South Africa has concluded a new trade deal with the UK, which will kick in if Britain leaves the European Union without an trade agreement.
The UK is set to leave the EU on October 31, and no trade deal currently exists between the two. While UK Prime Minister Boris Johnson has vowed no not seek another extension, the UK Parliament has passed a law compelling him to seek a further delay if no departure deal has been concluded.
Minister of Trade and Industry, Ebrahim Patel, told reporters on Wednesday in Cape Town that SA and five other countries in the southern African region had clinched a deal that would give the African states a soft landing in case of a no-deal Brexit.
Patel told reporters that the deal ensures that trade continues as normal with the UK regardless of whether the country leaves the EU with a deal, without a deal or does not leave at all.
“This creates the environment which preserves current trading conditions and protects jobs. If a deal is reached between the UK and the EU, this acts as a sort of insurance policy, even in case of that,” said Patel.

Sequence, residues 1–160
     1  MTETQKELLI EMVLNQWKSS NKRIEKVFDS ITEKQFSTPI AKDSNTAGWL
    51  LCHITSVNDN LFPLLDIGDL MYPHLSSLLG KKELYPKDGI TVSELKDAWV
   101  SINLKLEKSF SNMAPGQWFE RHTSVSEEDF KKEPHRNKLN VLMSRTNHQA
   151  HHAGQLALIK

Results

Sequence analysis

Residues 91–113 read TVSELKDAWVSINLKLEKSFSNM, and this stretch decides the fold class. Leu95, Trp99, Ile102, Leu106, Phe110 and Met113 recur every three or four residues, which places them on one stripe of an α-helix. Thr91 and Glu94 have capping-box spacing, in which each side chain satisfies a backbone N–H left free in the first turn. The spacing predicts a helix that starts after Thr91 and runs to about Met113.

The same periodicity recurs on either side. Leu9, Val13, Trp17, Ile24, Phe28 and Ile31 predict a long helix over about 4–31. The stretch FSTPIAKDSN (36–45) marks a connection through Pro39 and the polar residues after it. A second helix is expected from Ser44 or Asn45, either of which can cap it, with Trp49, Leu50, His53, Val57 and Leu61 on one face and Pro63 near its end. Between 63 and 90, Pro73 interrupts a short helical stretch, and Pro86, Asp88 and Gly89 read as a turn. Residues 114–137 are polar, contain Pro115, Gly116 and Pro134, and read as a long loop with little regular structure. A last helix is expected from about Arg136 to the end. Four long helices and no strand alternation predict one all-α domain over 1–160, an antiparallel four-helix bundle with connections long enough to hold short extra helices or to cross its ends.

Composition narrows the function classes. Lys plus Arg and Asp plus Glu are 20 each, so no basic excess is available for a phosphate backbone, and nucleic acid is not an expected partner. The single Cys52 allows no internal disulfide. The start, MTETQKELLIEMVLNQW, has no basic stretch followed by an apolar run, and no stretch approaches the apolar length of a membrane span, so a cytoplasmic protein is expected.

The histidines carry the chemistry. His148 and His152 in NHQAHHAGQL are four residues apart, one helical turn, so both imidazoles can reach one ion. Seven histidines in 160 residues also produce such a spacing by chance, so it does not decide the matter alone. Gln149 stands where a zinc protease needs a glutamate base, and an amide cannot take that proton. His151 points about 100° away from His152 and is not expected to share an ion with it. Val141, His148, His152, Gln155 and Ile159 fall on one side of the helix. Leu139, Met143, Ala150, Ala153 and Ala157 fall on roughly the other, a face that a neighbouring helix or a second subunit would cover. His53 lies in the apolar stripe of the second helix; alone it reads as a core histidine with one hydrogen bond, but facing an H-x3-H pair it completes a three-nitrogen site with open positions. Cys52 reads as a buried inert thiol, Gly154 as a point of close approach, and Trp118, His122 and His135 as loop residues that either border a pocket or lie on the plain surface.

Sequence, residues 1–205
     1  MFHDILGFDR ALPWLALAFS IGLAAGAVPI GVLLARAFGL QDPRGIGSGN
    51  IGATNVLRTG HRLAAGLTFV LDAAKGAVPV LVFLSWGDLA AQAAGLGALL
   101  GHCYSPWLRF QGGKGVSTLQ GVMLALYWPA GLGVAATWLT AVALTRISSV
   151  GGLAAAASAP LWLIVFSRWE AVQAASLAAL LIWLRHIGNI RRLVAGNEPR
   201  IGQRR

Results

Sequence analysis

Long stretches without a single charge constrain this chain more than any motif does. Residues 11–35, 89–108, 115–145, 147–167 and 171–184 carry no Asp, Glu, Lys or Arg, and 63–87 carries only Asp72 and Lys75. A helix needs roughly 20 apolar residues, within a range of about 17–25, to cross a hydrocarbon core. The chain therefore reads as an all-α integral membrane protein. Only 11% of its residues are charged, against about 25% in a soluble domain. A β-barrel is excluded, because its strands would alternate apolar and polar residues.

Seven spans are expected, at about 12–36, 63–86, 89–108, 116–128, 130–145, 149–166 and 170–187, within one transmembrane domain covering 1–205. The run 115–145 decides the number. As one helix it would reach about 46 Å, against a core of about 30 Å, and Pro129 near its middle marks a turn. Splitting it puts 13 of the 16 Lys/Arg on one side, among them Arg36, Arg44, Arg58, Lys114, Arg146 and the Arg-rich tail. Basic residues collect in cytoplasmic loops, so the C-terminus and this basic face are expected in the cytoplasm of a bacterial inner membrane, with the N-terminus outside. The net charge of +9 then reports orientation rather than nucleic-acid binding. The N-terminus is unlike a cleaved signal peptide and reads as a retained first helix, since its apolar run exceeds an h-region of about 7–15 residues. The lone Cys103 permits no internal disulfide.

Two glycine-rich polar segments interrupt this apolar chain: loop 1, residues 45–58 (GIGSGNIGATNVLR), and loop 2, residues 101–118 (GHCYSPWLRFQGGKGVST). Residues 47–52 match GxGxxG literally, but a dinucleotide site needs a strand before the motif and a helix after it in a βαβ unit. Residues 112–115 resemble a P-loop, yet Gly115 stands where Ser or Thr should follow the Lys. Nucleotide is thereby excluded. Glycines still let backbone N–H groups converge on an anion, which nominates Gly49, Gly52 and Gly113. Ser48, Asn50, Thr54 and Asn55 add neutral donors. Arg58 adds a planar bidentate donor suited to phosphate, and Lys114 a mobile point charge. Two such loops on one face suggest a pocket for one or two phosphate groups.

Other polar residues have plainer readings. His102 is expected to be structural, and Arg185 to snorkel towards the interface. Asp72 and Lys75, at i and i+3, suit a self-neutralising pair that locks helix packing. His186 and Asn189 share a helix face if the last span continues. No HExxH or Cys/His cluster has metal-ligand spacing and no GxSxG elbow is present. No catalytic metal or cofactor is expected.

The other countries are Lesotho, eSwatini, Namibia, Botswana and Mozambique.
The new agreement will be know as the SACUM-UK Economic Partnership Agreement, said Patel. He said it would effectively “rollover and replicate the terms of trade” that govern the current trade agreement between South African and the European Union in terms of tariffs, quotas, rules of origin, and health and safety regulations.
The UK is one of SA’s largest trading partners, with bilateral trade of about R140bn in 2018.
UK International Trade Secretary, Liz Truss, said in a statement: “This trade agreement, once it is signed and takes effect, will allow businesses to keep trading after Brexit without any additional barriers”.
The deal is subject to ratification by Cabinet and will be tabled before Cabinet when the necessary legal steps have been taken to bring it into effect.